A North Korean video game developer claims to have released a video game called “Hunting Yankee” inside the reclusive country.
The game purports to be a first-person shooter, similar to the massively popular “Call of Duty” franchise, the objective of which is to kill American soldiers with a sniper rifle. Images were released appearing to depict gameplay which show a soldier within crosshairs being shot.
News of the game was released on an official state-run media website Arirang-Meari, first reported on by English-language NK News. A rough translation from the official article announcing the game says that “players can implement various special behaviors in a virtual world reminiscent of a breathtaking battle scene.”
The game follows a number of other state-sponsored North Korean video games recently released which are thinly veiled propaganda platforms to illustrate the DPRK’s resentment of the United States.
Confrontation war” involves “destroying enemy submarines using depth bombs, nuclear depth bombs, and anti-submarine rockets,” while “Guardian” allows users to simulate naval warfare with “cannons, multiple rocket launchers, and mines.”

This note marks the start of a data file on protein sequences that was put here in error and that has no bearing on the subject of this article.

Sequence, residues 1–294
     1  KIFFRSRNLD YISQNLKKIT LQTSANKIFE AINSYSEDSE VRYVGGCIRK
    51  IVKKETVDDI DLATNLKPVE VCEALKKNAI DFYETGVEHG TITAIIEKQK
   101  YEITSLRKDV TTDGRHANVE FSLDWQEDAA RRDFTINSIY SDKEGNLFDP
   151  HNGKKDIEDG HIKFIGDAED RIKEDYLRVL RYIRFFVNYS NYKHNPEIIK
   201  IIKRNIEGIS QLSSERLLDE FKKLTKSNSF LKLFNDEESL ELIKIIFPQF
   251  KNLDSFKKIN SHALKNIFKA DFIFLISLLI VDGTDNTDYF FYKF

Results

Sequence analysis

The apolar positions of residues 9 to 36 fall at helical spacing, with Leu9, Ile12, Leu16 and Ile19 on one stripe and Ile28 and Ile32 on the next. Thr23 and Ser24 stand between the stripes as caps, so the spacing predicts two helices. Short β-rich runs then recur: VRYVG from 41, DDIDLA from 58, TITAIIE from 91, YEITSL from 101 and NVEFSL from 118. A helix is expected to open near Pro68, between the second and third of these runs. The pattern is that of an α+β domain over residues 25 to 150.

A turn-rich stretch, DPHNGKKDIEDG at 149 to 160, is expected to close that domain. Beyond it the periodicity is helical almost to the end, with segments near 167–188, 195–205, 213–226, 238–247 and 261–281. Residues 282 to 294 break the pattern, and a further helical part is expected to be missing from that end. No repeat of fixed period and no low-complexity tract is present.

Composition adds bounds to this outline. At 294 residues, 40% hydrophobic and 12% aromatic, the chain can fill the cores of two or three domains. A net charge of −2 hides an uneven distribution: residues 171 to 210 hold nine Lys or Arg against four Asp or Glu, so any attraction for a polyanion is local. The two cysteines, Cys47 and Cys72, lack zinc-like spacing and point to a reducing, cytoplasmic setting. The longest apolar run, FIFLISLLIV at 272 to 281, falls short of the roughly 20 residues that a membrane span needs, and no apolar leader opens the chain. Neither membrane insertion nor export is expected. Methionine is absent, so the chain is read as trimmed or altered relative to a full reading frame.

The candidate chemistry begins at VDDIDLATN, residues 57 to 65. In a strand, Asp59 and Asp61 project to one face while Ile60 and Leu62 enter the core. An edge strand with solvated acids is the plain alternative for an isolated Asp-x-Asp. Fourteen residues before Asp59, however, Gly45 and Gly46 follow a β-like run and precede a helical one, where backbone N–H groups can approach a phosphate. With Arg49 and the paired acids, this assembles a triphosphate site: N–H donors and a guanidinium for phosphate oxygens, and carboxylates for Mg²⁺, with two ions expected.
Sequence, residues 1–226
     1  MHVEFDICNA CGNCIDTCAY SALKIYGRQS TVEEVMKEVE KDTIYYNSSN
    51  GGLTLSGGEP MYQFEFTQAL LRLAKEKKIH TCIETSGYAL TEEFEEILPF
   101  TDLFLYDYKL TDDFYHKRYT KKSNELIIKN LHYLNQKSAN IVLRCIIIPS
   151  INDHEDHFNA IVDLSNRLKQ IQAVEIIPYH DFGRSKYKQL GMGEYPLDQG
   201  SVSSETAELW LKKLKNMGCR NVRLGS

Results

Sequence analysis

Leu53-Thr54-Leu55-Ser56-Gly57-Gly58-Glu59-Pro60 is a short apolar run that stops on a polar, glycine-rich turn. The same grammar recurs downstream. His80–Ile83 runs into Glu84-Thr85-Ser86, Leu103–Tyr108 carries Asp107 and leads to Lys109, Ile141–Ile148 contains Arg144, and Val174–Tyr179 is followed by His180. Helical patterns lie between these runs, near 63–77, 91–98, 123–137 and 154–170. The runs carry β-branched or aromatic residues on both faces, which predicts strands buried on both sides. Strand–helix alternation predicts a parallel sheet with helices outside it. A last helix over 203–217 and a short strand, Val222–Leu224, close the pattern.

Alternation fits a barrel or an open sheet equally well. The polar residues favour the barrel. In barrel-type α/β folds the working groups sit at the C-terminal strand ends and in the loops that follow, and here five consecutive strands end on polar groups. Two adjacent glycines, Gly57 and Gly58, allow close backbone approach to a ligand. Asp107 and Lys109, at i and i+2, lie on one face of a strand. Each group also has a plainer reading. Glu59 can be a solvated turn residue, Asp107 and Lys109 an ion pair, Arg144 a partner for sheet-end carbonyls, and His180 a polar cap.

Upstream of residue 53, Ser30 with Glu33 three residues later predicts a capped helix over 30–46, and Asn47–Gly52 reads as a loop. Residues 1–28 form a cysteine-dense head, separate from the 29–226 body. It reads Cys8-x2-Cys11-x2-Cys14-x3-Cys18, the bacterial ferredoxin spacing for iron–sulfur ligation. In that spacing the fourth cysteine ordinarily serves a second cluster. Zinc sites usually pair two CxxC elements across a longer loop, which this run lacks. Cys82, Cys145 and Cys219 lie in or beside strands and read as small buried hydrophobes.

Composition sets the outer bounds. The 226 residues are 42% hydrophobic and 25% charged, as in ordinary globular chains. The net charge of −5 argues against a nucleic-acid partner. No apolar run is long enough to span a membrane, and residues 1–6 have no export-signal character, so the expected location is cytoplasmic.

“Goguryeo battlefield” is a historical game, which “vividly displays the battlefields” of Ancient Korea, according to NK News.
Video games and other entertainment media have taken on global political implications in the past, most notably with the North Korean regime, which takes special offense to its likeness being used in foreign movies and games. The original invading army in the 2012 remake of “Red Dawn” was the People’s Liberation Army of China. Fearing an economic backlash from the Chinese, the studio making the film settled on a reliably innocuous enemy in the North Koreans, which drew sharp criticism from the regime.
But despite the DPRK being a safe punching bag for American entertainment, the regime struck back after the release “The Interview” in 2014, a comedy which depicts the assassination of dictator Kim Jong un, by orchestrating a massive hack against Sony Pictures.
It’s unclear how many North Korean citizens will actually be able to play such a game, as widespread poverty and lack of reliable services like electricity affect most of the country.
Image via Arirang-Meari